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Article
Rhythmic Physiological Color Change in Crustacea: A Review
Comparative Biochemistry and Physiology Part C: Comparative Pharmacology (1988)
  • Carl L. Thurman, University of Northern Iowa
Abstract
Since the time of Aristotle color changes in animals have commanded the interest of investigators. Two
general modes of integumental color change are recognized; one, known as morphological color
change, depends upon a variation in the numbers and quality of integumental pigment cells; the second,
physiological color change, results from the dispersion or concentration of cytoplasmic pigment granules
within these cells. Morphological color change often requires several days or months to manifest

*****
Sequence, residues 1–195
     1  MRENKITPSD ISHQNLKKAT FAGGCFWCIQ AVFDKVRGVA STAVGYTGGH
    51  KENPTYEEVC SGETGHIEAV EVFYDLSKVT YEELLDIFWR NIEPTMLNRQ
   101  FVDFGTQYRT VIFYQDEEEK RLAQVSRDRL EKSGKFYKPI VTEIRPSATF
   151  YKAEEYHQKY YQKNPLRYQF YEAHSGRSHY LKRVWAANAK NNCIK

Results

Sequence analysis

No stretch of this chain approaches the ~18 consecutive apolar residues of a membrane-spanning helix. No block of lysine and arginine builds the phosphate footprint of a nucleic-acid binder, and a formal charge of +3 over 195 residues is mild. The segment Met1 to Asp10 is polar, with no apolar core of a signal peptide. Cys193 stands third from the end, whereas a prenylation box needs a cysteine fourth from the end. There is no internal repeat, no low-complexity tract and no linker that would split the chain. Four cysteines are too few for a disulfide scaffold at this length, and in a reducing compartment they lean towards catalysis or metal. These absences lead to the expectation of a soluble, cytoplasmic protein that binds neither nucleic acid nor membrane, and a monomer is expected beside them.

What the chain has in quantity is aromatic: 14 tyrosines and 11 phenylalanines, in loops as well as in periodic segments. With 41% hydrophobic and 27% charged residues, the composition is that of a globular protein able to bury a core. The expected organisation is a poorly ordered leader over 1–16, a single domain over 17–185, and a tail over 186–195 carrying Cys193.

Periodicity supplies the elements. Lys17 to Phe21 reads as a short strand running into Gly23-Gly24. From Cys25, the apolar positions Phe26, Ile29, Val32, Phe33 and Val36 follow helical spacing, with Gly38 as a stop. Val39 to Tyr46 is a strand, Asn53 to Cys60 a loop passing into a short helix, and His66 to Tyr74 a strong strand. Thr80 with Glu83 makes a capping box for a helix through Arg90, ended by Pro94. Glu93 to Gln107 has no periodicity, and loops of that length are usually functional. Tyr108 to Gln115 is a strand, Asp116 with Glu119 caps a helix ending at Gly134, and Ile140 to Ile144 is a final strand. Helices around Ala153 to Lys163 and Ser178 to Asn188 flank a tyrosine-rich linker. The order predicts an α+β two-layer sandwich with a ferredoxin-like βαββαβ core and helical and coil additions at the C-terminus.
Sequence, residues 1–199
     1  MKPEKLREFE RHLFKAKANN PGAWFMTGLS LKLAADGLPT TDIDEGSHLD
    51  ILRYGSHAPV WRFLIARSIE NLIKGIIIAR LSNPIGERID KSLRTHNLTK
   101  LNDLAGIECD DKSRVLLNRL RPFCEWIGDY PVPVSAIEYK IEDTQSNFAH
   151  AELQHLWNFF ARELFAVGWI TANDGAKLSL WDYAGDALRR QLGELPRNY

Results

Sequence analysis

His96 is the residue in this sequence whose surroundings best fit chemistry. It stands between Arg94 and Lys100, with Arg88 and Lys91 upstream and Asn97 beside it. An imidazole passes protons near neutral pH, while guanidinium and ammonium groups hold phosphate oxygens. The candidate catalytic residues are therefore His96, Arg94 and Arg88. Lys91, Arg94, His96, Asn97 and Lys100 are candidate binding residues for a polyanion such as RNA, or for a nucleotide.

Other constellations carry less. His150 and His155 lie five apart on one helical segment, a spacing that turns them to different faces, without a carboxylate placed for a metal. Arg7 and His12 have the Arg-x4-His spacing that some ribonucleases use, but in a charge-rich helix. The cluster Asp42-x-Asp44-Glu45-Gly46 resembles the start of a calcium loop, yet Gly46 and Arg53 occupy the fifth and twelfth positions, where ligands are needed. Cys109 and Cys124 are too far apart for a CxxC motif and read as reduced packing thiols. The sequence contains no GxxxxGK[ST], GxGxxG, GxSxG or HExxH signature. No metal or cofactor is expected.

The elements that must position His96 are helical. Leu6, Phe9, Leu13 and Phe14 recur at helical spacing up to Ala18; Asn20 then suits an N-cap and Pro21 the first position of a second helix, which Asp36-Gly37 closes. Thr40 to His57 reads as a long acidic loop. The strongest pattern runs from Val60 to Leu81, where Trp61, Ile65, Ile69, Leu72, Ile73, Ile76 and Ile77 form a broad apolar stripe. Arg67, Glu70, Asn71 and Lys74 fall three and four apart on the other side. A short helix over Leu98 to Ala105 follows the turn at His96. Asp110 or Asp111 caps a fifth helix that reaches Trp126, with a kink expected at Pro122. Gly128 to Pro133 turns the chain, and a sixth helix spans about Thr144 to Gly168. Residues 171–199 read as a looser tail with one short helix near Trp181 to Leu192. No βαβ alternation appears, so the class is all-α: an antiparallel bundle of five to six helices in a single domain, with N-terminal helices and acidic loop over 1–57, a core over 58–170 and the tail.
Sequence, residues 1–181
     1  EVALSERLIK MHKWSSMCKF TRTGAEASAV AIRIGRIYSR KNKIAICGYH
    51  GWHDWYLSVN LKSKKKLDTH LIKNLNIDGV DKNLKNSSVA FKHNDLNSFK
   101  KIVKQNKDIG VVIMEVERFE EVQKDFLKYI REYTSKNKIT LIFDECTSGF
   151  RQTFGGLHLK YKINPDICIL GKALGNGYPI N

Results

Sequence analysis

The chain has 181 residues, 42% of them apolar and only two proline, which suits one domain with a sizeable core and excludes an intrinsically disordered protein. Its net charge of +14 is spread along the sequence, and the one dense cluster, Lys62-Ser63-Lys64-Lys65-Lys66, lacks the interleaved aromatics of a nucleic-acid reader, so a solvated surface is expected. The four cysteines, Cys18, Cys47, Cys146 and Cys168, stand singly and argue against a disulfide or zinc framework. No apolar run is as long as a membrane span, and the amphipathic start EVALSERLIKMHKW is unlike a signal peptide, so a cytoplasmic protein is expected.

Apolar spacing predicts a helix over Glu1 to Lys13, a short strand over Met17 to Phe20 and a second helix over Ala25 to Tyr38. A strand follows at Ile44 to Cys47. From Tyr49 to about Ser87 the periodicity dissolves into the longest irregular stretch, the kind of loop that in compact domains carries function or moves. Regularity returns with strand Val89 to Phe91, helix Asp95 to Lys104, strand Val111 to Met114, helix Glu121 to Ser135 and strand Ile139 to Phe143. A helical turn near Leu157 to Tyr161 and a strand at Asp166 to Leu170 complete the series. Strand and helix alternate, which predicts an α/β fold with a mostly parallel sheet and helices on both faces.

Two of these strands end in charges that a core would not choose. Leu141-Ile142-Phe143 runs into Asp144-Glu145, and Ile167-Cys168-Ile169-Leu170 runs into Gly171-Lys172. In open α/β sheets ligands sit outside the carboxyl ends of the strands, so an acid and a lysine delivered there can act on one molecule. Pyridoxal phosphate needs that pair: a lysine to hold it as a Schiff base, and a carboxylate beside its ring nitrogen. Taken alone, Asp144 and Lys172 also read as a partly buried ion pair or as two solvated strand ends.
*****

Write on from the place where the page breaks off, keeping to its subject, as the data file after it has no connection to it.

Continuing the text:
itself. Physiological color changes occur in a matter of minutes or hours. As pigment granules migrate,
the animal assumes the general coloration of the integumentary cells. Many of the physiological color
changes in crustaceans undergo pronounced rhythms. This review focuses on the physiological processes
underlying these rhythmic color changes. 
Disciplines
Publication Date
1988
DOI
10.1016/0742-8413(88)90184-3
Citation Information
Carl L. Thurman. "Rhythmic Physiological Color Change in Crustacea: A Review" Comparative Biochemistry and Physiology Part C: Comparative Pharmacology Vol. 91 Iss. 1 (1988) p. 171 - 185
Available at: http://works.bepress.com/carl_thurman/20/